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H54 Investigation of the effects of dopamine antagonist medication on cognition in huntington’s disease
  1. Kate Harris,
  2. Sarah L Mason,
  3. Roger Barker
  1. John Van Geest Centre for Brain Repair, ED Adrian Building, Forvie Site, Robinson Way, Cambridge, UK


Whilst the diagnosis of Huntington’s disease (HD) is reliant on the presence of motor disturbances, progressive cognitive impairments can precede overt motor features by up to 15 years (Paulsen, 2011) and often place the greatest burden on both HD patients and their families (Brandt and Butters, 1986). It has been hypothesised that there is an increase in DA transmission in early stages of HD as drugs that block DA receptors help alleviate the chorea (Cepeda, 2015). However, despite knowing that DA is critical for cognition in a healthy population, little is understood about the consequences of these early changes on cognition in HD. Importantly, it is not known this process if influenced by the DA antagonists used to treat motor features of HD.

In this study we use the dataset from Enroll-HD, the world’s largest observational study for Huntington’s disease families, to assess the effects of dopamine antagonist medication on cognitive decline. Participants were grouped into those taking dopamine antagonist medication during the assessment period and a control group who were not taking DA medication but were matched for age, gender and disease stage using propensity score matching. Results showed that participants taking DA antagonists had a significantly greater annual decline in performance on the enrol cognitive task battery than those who were not on DA medication. Furthermore, a group of participants who came off dopamine antagonists during the assessment period did not differ from the control group in rate of cognitive decline during the period they were off the medication. Together these results suggest that dopamine antagonist medication may be detrimental to cognition, which has important implications for the clinical management of cognitive symptoms.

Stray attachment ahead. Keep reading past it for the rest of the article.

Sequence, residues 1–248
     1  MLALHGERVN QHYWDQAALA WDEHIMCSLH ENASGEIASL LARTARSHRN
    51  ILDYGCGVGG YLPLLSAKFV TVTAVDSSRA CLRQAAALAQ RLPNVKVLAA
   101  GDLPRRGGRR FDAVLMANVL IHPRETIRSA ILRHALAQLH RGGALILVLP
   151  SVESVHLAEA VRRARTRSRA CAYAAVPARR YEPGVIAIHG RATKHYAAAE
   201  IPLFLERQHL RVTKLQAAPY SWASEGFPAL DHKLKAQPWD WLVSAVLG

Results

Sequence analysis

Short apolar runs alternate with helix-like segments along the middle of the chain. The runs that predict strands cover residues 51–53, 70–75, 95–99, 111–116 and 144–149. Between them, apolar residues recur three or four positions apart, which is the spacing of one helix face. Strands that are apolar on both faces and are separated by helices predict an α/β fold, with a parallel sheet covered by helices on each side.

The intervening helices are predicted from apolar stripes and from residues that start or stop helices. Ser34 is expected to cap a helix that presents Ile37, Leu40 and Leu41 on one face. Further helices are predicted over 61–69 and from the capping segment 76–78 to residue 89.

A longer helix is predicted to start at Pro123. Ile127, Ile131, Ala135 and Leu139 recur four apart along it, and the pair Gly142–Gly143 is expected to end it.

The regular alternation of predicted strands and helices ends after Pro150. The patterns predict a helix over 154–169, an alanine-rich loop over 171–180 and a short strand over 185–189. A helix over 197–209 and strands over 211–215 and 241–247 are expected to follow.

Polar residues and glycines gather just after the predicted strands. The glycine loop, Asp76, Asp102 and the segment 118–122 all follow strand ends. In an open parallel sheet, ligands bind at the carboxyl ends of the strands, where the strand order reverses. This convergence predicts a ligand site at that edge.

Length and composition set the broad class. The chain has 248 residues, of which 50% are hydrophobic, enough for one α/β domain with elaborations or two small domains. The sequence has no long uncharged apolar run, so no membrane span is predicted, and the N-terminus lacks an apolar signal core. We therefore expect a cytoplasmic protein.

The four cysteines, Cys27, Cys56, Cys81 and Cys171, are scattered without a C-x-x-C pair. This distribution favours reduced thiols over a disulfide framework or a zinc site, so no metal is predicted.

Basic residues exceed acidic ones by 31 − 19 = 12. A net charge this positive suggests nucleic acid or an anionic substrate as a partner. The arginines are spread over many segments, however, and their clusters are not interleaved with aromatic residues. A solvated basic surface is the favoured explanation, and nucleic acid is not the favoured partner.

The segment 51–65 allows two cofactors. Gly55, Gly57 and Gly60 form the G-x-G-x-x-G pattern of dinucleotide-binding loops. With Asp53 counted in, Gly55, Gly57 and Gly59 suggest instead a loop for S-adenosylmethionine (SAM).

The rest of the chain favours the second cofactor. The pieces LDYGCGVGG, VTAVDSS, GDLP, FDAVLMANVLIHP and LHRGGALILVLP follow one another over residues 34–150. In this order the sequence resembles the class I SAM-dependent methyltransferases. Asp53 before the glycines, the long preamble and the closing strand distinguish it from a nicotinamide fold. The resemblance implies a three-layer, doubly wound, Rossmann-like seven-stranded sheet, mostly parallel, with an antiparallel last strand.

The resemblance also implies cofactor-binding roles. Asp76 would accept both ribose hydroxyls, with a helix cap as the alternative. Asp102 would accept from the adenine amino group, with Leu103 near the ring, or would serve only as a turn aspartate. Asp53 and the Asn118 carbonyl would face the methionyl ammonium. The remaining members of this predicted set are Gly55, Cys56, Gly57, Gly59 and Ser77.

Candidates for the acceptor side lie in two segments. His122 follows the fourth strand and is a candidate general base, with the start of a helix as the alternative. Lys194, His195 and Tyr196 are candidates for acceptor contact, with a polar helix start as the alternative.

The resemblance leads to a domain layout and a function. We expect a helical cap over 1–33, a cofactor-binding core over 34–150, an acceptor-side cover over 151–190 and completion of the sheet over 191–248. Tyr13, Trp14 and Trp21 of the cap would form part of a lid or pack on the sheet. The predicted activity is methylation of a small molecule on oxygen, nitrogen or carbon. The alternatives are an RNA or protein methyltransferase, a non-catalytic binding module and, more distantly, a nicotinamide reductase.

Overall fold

• Dopamine
  • cognition

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